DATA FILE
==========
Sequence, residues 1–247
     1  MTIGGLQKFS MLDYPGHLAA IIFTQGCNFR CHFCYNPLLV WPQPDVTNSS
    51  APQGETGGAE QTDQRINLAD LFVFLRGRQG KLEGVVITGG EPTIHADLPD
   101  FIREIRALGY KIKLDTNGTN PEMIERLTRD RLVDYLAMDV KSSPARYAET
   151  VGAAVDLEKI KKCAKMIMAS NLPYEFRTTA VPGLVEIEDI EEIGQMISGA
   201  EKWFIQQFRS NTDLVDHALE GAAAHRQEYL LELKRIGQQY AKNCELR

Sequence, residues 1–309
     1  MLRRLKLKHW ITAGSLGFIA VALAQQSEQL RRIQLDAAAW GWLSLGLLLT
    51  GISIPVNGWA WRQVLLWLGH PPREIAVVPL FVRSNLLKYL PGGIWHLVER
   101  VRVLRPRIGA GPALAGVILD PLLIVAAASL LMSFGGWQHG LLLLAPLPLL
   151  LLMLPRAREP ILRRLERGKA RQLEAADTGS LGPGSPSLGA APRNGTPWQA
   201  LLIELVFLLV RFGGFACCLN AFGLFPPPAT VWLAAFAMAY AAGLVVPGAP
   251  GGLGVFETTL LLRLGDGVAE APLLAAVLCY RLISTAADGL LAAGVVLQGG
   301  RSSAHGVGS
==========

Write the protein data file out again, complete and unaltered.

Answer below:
Sequence, residues 1–247
     1  MTIGGLQKFS MLDYPGHLAA IIFTQGCNFR CHFCYNPLLV WPQPDVTNSS
    51  APQGETGGAE QTDQRINLAD LFVFLRGRQG KLEGVVITGG EPTIHADLPD
   101  FIREIRALGY KIKLDTNGTN PEMIERLTRD RLVDYLAMDV KSSPARYAET
   151  VGAAVDLEKI KKCAKMIMAS NLPYEFRTTA VPGLVEIEDI EEIGQMISGA
   201  EKWFIQQFRS NTDLVDHALE GAAAHRQEYL LELKRIGQQY AKNCELR

Sequence, residues 1–309
     1  MLRRLKLKHW ITAGSLGFIA VALAQQSEQL RRIQLDAAAW GWLSLGLLLT
    51  GISIPVNGWA WRQVLLWLGH PPREIAVVPL FVRSNLLKYL PGGIWHLVER
   101  VRVLRPRIGA GPALAGVILD PLLIVAAASL LMSFGGWQHG LLLLAPLPLL
   151  LLMLPRAREP ILRRLERGKA RQLEAADTGS LGPGSPSLGA APRNGTPWQA
   201  LLIELVFLLV RFGGFACCLN AFGLFPPPAT VWLAAFAMAY AAGLVVPGAP
   251  GGLGVFETTL LLRLGDGVAE APLLAAVLCY RLISTAADGL LAAGVVLQGG
   301  RSSAHGVGS